I clearly remember September 2008 when the HTC G1 debuted in partnership with Google and T-Mobile. Google’s first usable Android-driven handset arrived some fifteen months after the iPhone had gone on sale in June 2007 and tech die-hards were startled that it didn’t incorporate the pinch-zoom gesture.
Android would be deployed across lots more handsets before eventually implementing not only pinch-zooming, but other familiar iPhone features as well. There was an unconfirmed rumor at the time that Google removed multitouch gestures from initial Android builds at Apple’s request.
In all honesty, the notion seemed a bit crazy. Why would Google take the iPhone head on and yet cave in to Apple’s demands? According to a new 272-page book titled Dogfight: How Apple And Google Went To War And Started a Revolution by Fred Vogelstein, Apple’s then CEO Steve Jobs imposed that choice on Google’s Android head Andy Rubin by sheer willpower…
Jobs thought Rubin was a “big, arrogant f**k,” according to a Dogfight excerpt spotted by Jay Yarow of BusinessInsider. The book also shatters some common misconceptions about Apple, Google, the iPhone and Android.
The Internet giant started work on Android after snapping up Andy Rubin’s startup for about $50 million back in 2005. At that particular point in time, Apple was already developing the iPhone project, Google’s then CEO Eric Schmidt still had a seat on Apple’s board of directors and Jobs had trust in Google’s cofounders Sergey Brin and Larry Page.
Despite Apple going to great lengths to keep the project shrouded in secrecy, people in the industry were aware that Apple was attempting to build a cell phone.
Ethan Beard, an early Android business development executive told the book author:
We knew that Apple was going to announce a phone.
Everyone knew that.
We just didn’t think it would be that good.
When Steve Jobs took the MacWorld Expo stage to deliver his legendary January 2007 iPhone introduction, Rubin was driving in a Las Vegas cab watching the keynote unfold.
He made the driver pull over so he could see the whole thing. He said, “Holy crap, I guess we’re not going to launch that phone.”
Indeed, here’s what an early Android handset prototype looked like pre-iPhone.
“What we had looked so … nineties,” an Android engineer told Vogelstein.
He was referring to the software Google was ready to launch a few months after the iPhone hit the market. Seeing what it’s up against, Google then rebooted Android by starting from scratch and eventually released the G1 in September 2008.
By that time, the iPhone had already been fifteen months on the market.
After seeing the G1 and new Android build, Jobs went berserk:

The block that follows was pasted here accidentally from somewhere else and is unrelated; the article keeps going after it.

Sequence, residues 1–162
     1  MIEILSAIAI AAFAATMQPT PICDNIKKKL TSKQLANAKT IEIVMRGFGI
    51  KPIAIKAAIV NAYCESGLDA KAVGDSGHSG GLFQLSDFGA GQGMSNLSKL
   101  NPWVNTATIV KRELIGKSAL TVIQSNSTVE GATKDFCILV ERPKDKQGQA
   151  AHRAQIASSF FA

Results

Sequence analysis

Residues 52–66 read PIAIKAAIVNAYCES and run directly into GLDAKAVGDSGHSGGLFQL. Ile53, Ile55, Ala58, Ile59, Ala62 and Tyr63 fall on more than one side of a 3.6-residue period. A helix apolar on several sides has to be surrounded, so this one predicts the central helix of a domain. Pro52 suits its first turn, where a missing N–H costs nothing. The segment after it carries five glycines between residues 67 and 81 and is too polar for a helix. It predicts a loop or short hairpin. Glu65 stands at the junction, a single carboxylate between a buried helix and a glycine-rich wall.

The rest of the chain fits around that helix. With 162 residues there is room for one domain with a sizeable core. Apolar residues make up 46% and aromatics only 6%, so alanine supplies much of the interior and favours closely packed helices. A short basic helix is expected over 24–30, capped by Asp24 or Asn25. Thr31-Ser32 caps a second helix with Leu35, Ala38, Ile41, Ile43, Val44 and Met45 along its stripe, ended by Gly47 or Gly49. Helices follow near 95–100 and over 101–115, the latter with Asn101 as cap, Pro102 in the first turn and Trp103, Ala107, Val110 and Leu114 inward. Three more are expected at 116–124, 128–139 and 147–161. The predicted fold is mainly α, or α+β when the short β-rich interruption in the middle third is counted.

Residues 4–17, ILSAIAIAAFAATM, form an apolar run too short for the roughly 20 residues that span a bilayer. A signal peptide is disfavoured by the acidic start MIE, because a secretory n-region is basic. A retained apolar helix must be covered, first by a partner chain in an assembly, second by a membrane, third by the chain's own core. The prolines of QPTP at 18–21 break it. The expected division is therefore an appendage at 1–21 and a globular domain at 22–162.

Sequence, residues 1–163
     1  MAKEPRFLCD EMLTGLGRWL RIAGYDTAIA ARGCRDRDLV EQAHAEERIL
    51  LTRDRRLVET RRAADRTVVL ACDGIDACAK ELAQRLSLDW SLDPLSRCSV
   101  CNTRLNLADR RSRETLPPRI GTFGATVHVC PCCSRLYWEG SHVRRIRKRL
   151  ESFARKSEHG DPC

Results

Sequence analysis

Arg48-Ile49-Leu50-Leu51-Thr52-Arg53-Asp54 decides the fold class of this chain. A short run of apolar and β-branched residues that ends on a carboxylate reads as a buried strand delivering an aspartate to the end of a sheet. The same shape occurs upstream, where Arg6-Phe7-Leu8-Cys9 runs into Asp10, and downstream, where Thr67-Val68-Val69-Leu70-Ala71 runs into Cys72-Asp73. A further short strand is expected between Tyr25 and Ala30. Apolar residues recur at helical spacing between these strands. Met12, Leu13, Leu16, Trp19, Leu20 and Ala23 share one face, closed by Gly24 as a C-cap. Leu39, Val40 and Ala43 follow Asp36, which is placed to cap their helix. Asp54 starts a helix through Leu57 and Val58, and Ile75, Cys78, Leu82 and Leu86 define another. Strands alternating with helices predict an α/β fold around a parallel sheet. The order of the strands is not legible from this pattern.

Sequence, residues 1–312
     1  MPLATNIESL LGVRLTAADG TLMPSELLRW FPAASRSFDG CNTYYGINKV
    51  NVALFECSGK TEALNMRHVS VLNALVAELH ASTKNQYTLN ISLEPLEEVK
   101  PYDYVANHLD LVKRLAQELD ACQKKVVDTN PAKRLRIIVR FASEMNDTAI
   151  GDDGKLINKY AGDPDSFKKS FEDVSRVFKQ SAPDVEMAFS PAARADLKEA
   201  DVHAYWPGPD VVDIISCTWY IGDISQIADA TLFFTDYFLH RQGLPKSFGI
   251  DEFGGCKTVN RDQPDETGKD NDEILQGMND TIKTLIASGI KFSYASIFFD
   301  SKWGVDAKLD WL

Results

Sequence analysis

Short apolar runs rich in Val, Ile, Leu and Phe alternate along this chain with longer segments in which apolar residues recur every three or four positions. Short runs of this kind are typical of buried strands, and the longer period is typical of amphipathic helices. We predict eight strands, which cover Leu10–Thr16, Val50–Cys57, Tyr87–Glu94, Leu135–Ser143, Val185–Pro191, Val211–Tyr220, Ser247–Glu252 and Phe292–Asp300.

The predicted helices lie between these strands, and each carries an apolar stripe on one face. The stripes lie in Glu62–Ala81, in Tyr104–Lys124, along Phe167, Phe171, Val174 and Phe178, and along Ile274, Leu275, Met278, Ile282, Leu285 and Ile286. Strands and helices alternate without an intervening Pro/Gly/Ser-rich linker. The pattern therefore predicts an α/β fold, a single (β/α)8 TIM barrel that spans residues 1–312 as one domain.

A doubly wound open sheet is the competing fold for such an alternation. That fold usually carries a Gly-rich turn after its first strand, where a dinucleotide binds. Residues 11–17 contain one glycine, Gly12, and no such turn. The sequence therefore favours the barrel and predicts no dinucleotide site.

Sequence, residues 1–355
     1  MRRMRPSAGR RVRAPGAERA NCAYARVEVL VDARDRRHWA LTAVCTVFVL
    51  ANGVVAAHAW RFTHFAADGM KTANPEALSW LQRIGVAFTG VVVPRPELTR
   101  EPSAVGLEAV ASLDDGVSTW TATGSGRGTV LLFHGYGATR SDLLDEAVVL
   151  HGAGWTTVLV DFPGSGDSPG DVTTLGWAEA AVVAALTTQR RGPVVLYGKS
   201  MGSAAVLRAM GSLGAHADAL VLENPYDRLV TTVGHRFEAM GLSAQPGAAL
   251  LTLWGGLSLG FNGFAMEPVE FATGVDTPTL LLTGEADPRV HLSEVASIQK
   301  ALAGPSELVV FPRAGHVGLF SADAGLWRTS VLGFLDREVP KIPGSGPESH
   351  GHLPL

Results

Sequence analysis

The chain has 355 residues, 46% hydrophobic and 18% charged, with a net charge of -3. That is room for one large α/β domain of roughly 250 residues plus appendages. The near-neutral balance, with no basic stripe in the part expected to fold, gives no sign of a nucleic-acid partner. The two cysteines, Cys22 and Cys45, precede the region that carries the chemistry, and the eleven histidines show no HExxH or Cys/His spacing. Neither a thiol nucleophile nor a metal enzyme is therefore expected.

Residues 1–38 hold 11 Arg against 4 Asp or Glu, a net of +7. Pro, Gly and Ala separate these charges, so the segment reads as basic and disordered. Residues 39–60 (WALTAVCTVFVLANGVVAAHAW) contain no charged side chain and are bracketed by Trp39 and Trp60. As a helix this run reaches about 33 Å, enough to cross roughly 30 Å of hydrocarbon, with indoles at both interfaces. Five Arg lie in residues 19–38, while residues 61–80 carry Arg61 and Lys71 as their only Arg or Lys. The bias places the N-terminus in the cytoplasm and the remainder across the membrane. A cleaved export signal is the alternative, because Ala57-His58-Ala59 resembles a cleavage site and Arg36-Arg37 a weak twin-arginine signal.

“Everything is a f**king rip off of what we’re doing,” Jobs said of Android.
The mercurial CEO insisted Google make a bunch of changes:
There was a meeting with Jobs, Scott Forstall, who designed the iPhone’s software, and Google’s Larry Page, Alan Eustace, and Rubin. Vogelstein cautions that it was hard to know exactly what happened in the meeting, but says that it was confrontational and nasty.
“It got incredibly personal,” says one Apple executive who was briefed by Jobs on the meeting. “Jobs said that Rubin was steamed, telling him his position was anti-innovation.
And this is where Steve was demeaning to Andy, saying Andy was trying to be like him, look like him, have the same haircut, the same glasses, the same style.”
Interestingly enough, Rubin himself was described as being a tyrant with Google employees, abrasive and difficult to work with. Anyway, as a result of the meeting Google had agreed to drop multitouch features like pinch zooming.
Steve Jobs demonstrates pinch-zooming at the January 2007 iPhone introduction.
The company also changed the Android phone unlock feature and Jobs even told Google how to take things out of Android. Rubin went through the roof over the concessions his bosses were willing to make in order to avoid Jobs’s wrath.
Bottom line: after a few Android iterations, Google felt confident enough to add Apple’s iPhone features like the pinch zoom gesture, prompting the iPhone maker to go thermonuclear on Android by launching proxy legal fights against prominent Android backers like HTC, Motorola and Samsung.
As for Rubin, he eventually stepped down as Android’s lead in March 2013.
One juicy gossip has it that Rubin was forced to quit, allegedly because current CEO and co-founder Larry Page saw him as a threat because his influence was growing exponentially on booming Android device activations.
Hungry for more?
Here’s another sample excerpt, via Amazon.